The interest of vintage watches has never been bigger than it is today. And while the Newmans, Nautilus’ and tourbillons keep breaking records, collectors start to look elsewhere for that new interesting timepiece. One of these interesting news is the Heuer Autavia. When Jack Heuer designed the Autavia, he wanted to create a stopwatch that could be used by motor heads as well as pilots of all trades. The name is a play with the two words AUTo and AVIAtion, according to Jack Heuer.
Originally the Autavia was a dash board watch and not intended to be a wristwatch, but in 1962, precisely one year after Jack Heuer had taken over the family business, he launched the first ever Heuer with a turning bezel, naming it Autavia. Offered with a very appealing dial layout and powered with a manual wound Valjoux calibre 92 (ref. 3646 two-register) or 72 (ref. 2446 triple-register), the Autavia was an instant success. The Autavia today is a highly collectable watch, the first generation ref. 2446H with oversized triple register dial layout especially. This is not only due to the 38 millimeter case, which is a great size for most wrists today, but also due to the movement, Valjoux calibre 72, which can also be found in the coveted Rolex Daytona (Paul Newman) of the same period. Auction prices for this legendary watch, which was in production between 1962-68 with small alterations, reach prices between 8-20.000 euros, the Mark 1 (ref. 2446H) of course demanding the highest results.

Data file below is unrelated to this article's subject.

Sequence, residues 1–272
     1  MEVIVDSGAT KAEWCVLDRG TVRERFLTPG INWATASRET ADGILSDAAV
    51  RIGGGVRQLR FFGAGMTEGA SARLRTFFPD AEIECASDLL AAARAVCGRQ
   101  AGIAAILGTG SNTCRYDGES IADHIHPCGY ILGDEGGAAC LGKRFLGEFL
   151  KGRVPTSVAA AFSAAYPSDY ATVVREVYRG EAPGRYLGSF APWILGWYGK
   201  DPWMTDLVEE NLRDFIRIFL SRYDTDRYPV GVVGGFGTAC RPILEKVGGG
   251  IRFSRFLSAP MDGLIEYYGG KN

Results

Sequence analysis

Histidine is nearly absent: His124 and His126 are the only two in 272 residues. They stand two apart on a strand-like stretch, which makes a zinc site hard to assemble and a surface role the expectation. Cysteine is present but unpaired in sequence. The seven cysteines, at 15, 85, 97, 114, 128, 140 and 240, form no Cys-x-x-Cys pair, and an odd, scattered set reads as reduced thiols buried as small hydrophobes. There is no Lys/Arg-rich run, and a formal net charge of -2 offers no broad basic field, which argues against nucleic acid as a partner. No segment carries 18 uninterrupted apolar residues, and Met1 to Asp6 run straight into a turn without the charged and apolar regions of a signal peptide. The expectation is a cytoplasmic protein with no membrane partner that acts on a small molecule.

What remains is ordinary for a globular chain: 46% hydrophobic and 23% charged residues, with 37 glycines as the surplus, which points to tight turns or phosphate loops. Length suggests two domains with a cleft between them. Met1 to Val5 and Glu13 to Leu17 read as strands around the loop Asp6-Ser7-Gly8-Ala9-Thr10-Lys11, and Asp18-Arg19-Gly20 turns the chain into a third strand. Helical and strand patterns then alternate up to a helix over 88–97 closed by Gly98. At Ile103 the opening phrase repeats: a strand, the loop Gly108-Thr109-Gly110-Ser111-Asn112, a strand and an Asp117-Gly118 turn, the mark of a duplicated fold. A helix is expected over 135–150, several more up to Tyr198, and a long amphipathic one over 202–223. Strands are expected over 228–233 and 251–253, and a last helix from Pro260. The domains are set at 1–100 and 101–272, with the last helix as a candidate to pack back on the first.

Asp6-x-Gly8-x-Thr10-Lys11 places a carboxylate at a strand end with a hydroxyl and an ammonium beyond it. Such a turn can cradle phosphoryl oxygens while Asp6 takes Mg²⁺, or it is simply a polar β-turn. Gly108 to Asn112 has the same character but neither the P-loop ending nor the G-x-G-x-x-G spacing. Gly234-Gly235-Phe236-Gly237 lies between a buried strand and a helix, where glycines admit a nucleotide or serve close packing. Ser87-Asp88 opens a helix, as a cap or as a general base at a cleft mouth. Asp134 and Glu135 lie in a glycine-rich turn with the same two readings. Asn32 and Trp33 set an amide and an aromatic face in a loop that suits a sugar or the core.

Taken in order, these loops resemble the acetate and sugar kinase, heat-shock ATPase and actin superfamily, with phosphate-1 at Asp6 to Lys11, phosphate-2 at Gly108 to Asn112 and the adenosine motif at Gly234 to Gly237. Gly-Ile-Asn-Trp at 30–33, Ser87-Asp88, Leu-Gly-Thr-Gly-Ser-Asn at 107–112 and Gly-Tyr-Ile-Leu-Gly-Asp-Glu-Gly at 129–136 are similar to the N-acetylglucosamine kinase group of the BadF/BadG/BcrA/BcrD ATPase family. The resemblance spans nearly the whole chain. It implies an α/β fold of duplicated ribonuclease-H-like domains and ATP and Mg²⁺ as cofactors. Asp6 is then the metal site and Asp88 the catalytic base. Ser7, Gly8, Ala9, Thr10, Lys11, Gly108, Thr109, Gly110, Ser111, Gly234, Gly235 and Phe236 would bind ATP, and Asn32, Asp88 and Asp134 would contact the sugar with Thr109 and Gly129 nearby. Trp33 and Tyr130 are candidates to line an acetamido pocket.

In 2016 TAG Heuer launched the AutaviaCup (www.autaviacup.com) asking fans of not only the sporty watch brand but also collectors of fine timepieces, which generation Autavia ref. 2446 they would like to see as a relaunch, once the Autavia celebrates its 55th anniversary in 2017. Thousands participated and the generation 3 of the Autavia aka “Rindt” with decimal turning bezel and regular sized triple register dial layout was chosen as the winner. This particular version of the Autavia is named after the Austrian F1 World Champion driver, Jochen Rindt, who was spotted wearing that exact version. Jack Heuer created the watch, the collectors love it and TAG Heuer CEO Jean-Claude Biver decided to let the people speak, repeating not only horological history, but certainly also proving his understanding of auctions. By this move he is making sure that the (TAG) Heuer history is celebrated and hence supporting the current and future production. Clever guy that Biver.